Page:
lecture4 - AST 204 13 February 2008 Lecture 4 A. More...

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Unformatted text preview: AST 204 13 February 2008 Lecture 4 A. More Spacetime and Geometry I. Like Time or Distance? Timelike and Spacelike Vectors The square of the interval (or modulus, as we shall call it for 4-vectors not connecting two events) associated with a 4-vector vectoru is, as we have seen, s 2 = u 2 t u 2 x u 2 y u 2 z = u 2 t u 2 , where u is an ordinary 3-vector, the space part of vectoru . We should emphasize here that this separation is not a real geometric notionit is associated with a particular reference frame (coordinate system), and is no more natural than artificially separating a 3-vector into a z-component and a 2-vector in the x y plane. It is nevertheless often useful to do, just as similar artificial constructs in 3-space are. It is clear that s 2 can have either sign, depending on the relative sizes of the time component and the length of the space part, and can, of course, also be zero . In the last case the 4-vector is called null , and is, as we have seen, parallel to the path of a photon in spacetime. If the sign of s 2 is positive , the vector is called timelike ; the simplest example is a vector with no space part at all: the vector connecting two events occurring at the same place in some reference frame. If, on the other hand, s 2 is negative , the vector is called spacelike ; again the simplest example is a 3-vector with no time componentthis is a vector connecting two simultaneous events in some frame, for example. In this case the length of the 3-vector is ( s 2 ) 1 / 2 . The path of a particle in spacetime is called its world line . Now in a frame in which it is instantaneously at rest, however complex its motion, its velocity is zero, and so the 4-vector tangent to its world line has only a time component, and is hence timelike . Furthermore, if we let be the time kept by a clock carried by this particle (the particles proper time , then the 4-vector vectoru = dvectorx d = parenleftbigg dt d , d x d parenrightbigg clearly has modulus unity, because again in the frame in which the particle is instan- taneously at rest the time component is 1 and the space part vanishes. vectoru is called the 4-velocity of the particle; for very slowly moving particles it is simply (1 , v ). Newtonian mechanics is that regime in which all the particles satisfy the approximation that the veloc- ity is much, much less than unity (c), so their 4-velocities have time components negligibly different from 1 . Notice that if a particle starts from rest in some frame, the 4-velocity has modulus unity and always does so, which means that it remains timelike, which means that | dx | < dt , or | dx /dt | < 1 Particles accelerating from rest in any frame can NEVER exceed the velocity of light. We will see physically what the reason for this is shortly....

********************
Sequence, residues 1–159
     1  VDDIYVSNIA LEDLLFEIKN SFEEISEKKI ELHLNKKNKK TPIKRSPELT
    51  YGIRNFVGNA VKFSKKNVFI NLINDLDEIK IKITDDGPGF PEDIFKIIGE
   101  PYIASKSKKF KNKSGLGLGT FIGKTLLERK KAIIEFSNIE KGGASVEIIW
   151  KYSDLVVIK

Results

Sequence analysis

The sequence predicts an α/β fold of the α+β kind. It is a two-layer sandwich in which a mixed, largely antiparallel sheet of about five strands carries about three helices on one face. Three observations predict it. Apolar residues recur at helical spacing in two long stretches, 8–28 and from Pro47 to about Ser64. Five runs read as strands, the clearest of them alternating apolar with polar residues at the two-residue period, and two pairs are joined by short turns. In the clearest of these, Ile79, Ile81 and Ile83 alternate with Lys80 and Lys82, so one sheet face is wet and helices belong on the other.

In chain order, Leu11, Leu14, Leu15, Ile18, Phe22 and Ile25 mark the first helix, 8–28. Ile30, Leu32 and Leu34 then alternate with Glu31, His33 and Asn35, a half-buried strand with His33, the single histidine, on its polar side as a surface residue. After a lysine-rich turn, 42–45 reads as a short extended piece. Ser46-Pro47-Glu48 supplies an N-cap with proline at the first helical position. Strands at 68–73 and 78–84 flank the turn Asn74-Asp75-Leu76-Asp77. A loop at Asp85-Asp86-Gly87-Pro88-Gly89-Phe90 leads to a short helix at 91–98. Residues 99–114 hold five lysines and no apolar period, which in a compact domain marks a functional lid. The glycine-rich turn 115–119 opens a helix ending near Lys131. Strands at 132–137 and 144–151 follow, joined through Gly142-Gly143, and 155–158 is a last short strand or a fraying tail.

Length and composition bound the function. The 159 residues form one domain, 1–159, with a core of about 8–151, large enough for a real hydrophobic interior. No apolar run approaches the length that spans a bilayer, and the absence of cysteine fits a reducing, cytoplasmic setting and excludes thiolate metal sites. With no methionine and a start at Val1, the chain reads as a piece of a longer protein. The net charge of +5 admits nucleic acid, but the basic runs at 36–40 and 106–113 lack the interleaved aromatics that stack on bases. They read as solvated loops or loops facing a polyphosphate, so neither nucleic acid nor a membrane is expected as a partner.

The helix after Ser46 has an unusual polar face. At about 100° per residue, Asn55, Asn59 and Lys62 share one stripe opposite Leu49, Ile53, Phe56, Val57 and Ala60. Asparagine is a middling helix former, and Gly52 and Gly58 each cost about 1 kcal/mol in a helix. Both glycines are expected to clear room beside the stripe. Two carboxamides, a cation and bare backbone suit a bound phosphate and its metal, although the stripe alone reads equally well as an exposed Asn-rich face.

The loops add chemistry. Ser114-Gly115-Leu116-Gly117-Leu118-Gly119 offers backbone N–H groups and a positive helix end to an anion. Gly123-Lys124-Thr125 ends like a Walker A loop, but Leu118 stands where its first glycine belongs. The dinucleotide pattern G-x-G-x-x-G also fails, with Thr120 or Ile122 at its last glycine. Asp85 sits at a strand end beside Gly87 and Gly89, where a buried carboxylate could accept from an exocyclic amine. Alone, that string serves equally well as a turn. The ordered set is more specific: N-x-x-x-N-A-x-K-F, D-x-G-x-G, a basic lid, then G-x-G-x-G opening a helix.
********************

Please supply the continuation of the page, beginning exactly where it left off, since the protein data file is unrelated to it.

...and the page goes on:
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This note was uploaded on 02/26/2012 for the course AST 204 taught by Professor Knapp during the Spring '08 term at Princeton.

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lecture4 - AST 204 13 February 2008 Lecture 4 A. More...

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